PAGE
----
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Thrall : poems / Natasha Trethewey.

By: Trethewey, Natasha D, 1966-.
Material type: materialTypeLabelBookPublisher: Boston : Houghton Mifflin Harcourt, 2012Description: 84 p. ; 24 cm.ISBN: 9780547571607; 0547571607.Subject(s): American poetry -- 21st century
Contents:
Miracle of the black leg -- On captivity -- Taxonomy. De Español y de India produce mestiso ; De Español y Negra produce mulato ; De Español y mestiza produce castiza ; The book of castas -- Kitchen maid with Supper at Emmaus, or, The mulata -- Knowledge -- The Americans. Dr. Samuel Adolphus Cartwright on dissecting the white Negro, 1851 ; Blood ; Help, 1968 -- Mano Prieta -- De Español y negra; mulata -- Mythology. Nostos ; Questions posed by the dream ; Siren -- Geography -- Torna atrás -- Bird in the house -- Artifact -- Fouled -- Rotation -- Thrall -- Calling -- Enlightenment -- How the past comes back -- On happiness -- Vespertina cognitio -- Illumination.
Summary: By unflinchingly charting the intersections of public and personal history, Thrall explores the historical, cultural, and social forces-across time and space-that determine the roles consigned to a mixed-race daughter and her white father. In a vivid series of poems about interracial marriage depicted in the Casta Paintings of Colonial Mexico, Trethewey investigates the philosophical assumptions that underpin Enlightenment notions of taxonomy and classification, exposing the way they encode ideas of race within our collective imagination. While tropes about captivity, bondage, inheritance, and enthrallment permeate the collection, Trethewey, by reflecting on a series of small estrangements from her poet father, comes to an understanding of how, as father and daughter, they are part of the ongoing history of race in America.
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Item type Current location Call number Status Date due
Book University of Texas At Tyler
Stacks - 3rd Floor
PS3570.R433 T47 2012 (Browse shelf) Available

Miracle of the black leg -- On captivity -- Taxonomy. De Español y de India produce mestiso ; De Español y Negra produce mulato ; De Español y mestiza produce castiza ; The book of castas -- Kitchen maid with Supper at Emmaus, or, The mulata -- Knowledge -- The Americans. Dr. Samuel Adolphus Cartwright on dissecting the white Negro, 1851 ; Blood ; Help, 1968 -- Mano Prieta -- De Español y negra; mulata -- Mythology. Nostos ; Questions posed by the dream ; Siren -- Geography -- Torna atrás -- Bird in the house -- Artifact -- Fouled -- Rotation -- Thrall -- Calling -- Enlightenment -- How the past comes back -- On happiness -- Vespertina cognitio -- Illumination.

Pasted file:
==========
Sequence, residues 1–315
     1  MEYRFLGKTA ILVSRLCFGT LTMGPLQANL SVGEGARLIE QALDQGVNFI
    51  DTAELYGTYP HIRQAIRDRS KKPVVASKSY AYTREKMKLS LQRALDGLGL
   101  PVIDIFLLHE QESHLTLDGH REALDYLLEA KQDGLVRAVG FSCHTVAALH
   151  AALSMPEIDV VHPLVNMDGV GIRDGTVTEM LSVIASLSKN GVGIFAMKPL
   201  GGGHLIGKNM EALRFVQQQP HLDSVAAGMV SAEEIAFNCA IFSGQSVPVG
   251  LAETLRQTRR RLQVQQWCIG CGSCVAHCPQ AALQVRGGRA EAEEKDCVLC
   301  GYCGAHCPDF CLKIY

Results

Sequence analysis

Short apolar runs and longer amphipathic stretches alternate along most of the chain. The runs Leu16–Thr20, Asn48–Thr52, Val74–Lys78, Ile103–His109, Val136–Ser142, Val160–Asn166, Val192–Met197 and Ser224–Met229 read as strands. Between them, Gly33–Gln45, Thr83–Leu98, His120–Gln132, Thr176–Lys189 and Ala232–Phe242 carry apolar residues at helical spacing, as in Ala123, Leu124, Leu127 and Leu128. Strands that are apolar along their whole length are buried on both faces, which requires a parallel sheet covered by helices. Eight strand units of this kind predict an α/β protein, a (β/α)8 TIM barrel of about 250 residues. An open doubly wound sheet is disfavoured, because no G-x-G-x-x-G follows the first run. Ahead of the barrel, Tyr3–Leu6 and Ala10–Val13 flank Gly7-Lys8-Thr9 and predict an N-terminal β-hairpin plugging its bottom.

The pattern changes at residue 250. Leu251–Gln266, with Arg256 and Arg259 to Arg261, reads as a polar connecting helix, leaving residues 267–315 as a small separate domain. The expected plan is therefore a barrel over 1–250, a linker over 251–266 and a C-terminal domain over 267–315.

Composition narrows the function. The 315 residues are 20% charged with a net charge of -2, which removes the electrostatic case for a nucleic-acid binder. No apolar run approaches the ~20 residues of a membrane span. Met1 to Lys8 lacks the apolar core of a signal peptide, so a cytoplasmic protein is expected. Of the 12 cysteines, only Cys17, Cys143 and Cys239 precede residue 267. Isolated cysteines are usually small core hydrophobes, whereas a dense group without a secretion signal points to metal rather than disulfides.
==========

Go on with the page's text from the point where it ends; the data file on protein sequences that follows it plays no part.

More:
By unflinchingly charting the intersections of public and personal history, Thrall explores the historical, cultural, and social forces-across time and space-that determine the roles consigned to a mixed-race daughter and her white father. In a vivid series of poems about interracial marriage depicted in the Casta Paintings of Colonial Mexico, Trethewey investigates the philosophical assumptions that underpin Enlightenment notions of taxonomy and classification, exposing the way they encode ideas of race within our collective imagination. While tropes about captivity, bondage, inheritance, and enthrallment permeate the collection, Trethewey, by reflecting on a series of small estrangements from her poet father, comes to an understanding of how, as father and daughter, they are part of the ongoing history of race in America.

Reviews provided by Syndetics

Library Journal Review

Winner of the 2007 Pulitzer Prize (for Native Ground) and current U.S. poet laureate, Trethewey again places racial identity at the conceptual center of her finely crafted verse, in particular the depiction of mixed-race peoples as filtered through the lens of her own biracial heritage and the passing of her father, from whom she had long been estranged ("a history that links us-white, father, black daughter/-even as it renders us other to each other"). A number of ekphrastic poems deconstruct centuries-old artworks-"miracle transplant" paintings in which black donors sacrifice limbs for white recipients ("a body in service, plundered"), the Casta paintings of colonial Mexico, even a portrait of Thomas Jefferson, "rendered two-toned.as if the artist meant to contrast/his bright knowledge, its dark subtext"-as Trethewey's acute understanding of how "the past holds us captive" leads to insightful and often moving interactions between public and private histories. VERDICT Though several elegies for her father are unremarkable, the lion's share of Thrall conveys a wise and revelatory urgency appropriate to one of the vital social concerns of our time. Recommended for most collections.-Fred Muratori, Cornell Univ. Lib., Ithaca NY (c) Copyright 2012. Library Journals LLC, a wholly owned subsidiary of Media Source, Inc. No redistribution permitted.

Author notes provided by Syndetics

NATASHA TRETHEWEY, two term U.S. Poet Laureate, Pulitzer Prize winner, and 2017 Heinz Award recipient, has written four collections of poetry and one book of nonfiction. An American Academy of Arts and Sciences fellow, she is currently Board of Trustees professor of English at Northwestern University. She lives in Evanston, Illinois.

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